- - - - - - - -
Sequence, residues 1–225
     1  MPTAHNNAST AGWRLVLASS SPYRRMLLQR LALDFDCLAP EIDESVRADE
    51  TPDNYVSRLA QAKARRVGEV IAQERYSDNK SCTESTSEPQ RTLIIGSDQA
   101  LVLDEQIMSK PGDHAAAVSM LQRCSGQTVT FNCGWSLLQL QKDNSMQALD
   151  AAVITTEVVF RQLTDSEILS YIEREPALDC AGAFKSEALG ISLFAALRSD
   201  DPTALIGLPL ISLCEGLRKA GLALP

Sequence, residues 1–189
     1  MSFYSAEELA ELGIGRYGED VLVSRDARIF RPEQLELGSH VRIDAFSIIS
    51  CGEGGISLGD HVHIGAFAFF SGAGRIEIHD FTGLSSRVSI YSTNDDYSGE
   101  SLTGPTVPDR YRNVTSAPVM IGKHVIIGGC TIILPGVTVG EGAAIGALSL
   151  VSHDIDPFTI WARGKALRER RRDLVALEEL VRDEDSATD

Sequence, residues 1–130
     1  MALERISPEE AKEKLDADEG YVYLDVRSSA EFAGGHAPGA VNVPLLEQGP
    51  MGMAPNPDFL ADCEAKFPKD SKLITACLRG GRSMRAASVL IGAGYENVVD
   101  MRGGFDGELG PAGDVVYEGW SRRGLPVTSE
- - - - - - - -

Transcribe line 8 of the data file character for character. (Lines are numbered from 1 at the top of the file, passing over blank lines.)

     1  MSFYSAEELA ELGIGRYGED VLVSRDARIF RPEQLELGSH VRIDAFSIIS